Rendering a radio button list with jQuery Mobile is pretty easy: you just write a normal radio buttons list, apply the jQuery Mobile data attribute and you a get nice mobile “touch” friendly radio button list.


Also having it send back to a knockout.js variable the value of the selection is easy too: just apply the checked binding to the radio button.

Standard Radio Button List with jQuery Mobile and Knockout.js

This was the code that turns a normal radio button list to the jQuery Mobile horizontal group with binding to a Knockout.js variable.

<fieldset data-role="controlgroup" data-type="horizontal">
    <input type="radio" value="Yes" name='Vote'
      data-bind="checked: Vote" />Yes</label>
    <input type="radio" value="No" name='Vote'
      data-bind="checked: Vote" />No</label>
    <input type="radio" value="Abstain" name='Vote'
      data-bind="checked: Vote" />Abstain</label>

<script type="text/javascript">
    viewModel = {
        Vote: ko.observable('Yes')


You can see radio button list at work on this jsfiddle:

Unfortunately this code only works in one direction: from the html control to the variable. It doesn’t work the other way around. I’ve explained the reason why in my previous blog post about how to 2-way bind a jquery mobile flip switch to a knockout.js variable. The solution to the problem is also the same as with the flip switch: a custom binding is needed in order to let knockout.js know how to update the UI of the radio button list when the bound variable changes value.

Custom binding for radio button

In reality the custom binding is not applied to the radio buttons but to the control group that contains them. Let’s first see the code and then I’ll explain what it does. You can see it working on:

ko.bindingHandlers.jqCheckboxRadio = {
    init: function(element, valueAccessor) {
        var currentValue = valueAccessor();
        $(element).attr("data-role", "controlgroup");
        $( "input[type='radio']",element).on( "checkboxradiocreate",
            function( event, ui ) {$(element).data( "init", true )} );
    update: function(element, allBindingsAccessor) {
        var currValue = allBindingsAccessor().value();
        var initialized = $(element).data( "init");
            $("input[type='radio']",element).prop( "checked", false )
                .checkboxradio( "refresh" );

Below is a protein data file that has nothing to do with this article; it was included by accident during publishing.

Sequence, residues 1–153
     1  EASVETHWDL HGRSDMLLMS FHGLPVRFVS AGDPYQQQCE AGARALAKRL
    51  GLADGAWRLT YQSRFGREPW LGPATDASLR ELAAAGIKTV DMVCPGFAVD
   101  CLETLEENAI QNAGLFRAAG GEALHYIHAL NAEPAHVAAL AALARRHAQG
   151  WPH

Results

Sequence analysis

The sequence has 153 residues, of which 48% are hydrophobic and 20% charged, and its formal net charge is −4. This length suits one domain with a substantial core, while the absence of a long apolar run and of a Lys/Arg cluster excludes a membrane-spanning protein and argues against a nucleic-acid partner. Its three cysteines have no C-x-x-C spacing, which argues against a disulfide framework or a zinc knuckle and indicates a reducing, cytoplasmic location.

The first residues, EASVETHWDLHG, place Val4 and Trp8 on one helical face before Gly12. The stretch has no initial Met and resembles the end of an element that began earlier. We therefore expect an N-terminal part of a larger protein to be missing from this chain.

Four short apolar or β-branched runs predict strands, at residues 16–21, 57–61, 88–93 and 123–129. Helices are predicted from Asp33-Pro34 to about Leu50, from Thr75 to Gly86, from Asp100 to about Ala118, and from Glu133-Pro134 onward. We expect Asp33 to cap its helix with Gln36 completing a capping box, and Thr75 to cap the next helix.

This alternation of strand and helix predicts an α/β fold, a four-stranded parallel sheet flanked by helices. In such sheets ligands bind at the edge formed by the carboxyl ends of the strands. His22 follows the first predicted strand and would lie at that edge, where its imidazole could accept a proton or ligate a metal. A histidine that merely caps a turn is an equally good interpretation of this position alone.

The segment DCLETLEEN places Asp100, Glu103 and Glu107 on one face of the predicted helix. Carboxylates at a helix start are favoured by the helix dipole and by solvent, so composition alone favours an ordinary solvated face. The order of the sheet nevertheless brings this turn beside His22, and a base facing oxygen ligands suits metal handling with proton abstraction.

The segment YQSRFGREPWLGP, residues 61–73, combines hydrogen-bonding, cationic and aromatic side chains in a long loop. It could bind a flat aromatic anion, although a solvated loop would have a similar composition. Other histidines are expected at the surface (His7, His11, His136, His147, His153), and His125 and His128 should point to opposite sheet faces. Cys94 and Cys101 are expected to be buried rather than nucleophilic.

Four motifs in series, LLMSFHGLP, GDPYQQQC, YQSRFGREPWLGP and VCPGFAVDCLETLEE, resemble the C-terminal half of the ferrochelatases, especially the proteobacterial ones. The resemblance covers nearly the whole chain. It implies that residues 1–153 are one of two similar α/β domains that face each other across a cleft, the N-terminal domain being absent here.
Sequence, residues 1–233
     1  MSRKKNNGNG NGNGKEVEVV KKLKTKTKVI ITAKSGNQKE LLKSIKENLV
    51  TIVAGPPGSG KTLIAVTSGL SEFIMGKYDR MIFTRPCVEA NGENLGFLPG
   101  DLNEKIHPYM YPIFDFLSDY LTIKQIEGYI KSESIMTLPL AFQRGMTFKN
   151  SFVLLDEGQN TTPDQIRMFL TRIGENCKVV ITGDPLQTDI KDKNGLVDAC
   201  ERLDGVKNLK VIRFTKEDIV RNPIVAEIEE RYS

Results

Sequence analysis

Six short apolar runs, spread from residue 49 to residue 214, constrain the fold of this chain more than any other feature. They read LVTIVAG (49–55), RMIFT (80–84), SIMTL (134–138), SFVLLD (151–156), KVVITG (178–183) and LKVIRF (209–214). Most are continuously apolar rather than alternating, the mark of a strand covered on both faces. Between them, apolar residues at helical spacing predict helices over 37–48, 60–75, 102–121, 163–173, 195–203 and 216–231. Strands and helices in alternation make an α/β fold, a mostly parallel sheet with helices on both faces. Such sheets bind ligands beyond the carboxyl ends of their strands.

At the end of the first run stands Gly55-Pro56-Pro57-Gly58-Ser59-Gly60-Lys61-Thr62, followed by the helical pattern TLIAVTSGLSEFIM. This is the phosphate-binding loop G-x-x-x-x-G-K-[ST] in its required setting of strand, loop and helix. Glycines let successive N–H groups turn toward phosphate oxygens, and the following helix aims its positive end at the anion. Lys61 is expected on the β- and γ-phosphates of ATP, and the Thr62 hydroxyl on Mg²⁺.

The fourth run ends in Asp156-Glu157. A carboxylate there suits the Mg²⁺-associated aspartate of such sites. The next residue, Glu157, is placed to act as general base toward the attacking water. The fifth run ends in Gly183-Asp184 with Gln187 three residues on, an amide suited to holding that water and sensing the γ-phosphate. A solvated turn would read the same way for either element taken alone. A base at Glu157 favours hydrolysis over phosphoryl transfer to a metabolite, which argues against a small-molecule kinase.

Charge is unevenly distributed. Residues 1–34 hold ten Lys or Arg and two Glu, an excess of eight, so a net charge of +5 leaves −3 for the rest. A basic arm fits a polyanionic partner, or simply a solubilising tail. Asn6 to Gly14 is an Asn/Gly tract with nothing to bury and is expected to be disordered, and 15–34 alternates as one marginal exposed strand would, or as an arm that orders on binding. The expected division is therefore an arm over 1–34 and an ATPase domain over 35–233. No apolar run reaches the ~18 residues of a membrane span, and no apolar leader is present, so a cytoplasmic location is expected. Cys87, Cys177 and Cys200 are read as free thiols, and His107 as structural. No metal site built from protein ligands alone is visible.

.prop( "checked", true ).checkboxradio( "refresh" );

Compared to the one for the flip switch, this binding is a bit easier, but has to work-around a bug in the jQuery Mobile API for the controlgroup widget.

The init method

The init method creates the control group via API by calling the .controgroup method, with the options specified in the binding (for ex to make it horizontal, or mini). The next line, which applies the data-role attribute again is to work-around a bug that wouldn’t render rounded corners.

The last line of the init method is needed to keep track of when all radio buttons inside the control group are initialized, otherwise the update method will fail if it’s called before they have been initialized: this is done by registering a callback on the checkboxradiocreate event of the checkboxradio jQuery Mobile widget.

The update method

This method is a bit more straightforward: it just verifies that the radio buttons are initialized, resets all their checked property to false (to account for when the value of the variable is undefined) and then “checks” the radio button whose value matches the value of the bound variable.

Applying the binding to the html radio buttons

Last step is applying the binding to the html code.

<fieldset data-bind="value: Vote, jqCheckboxRadio: { mini: 'true', type: 'horizontal' }">
    <label><input type="radio" value="Yes" name='VoteGroup'
        data-bind="checked: Vote" />Yes</label>
    <label><input type="radio" value="No" name='VoteGroup'
        data-bind="checked: Vote" />No</label>
    <label><input type="radio" value="Abstain" name='VoteGroup'
        data-bind="checked: Vote" />Abstain</label>

Complete demo

You can view the complete demo, where you can see how one version of the control only works in one direction, while the one with the custom binding works also in the other, on the jsfiddle: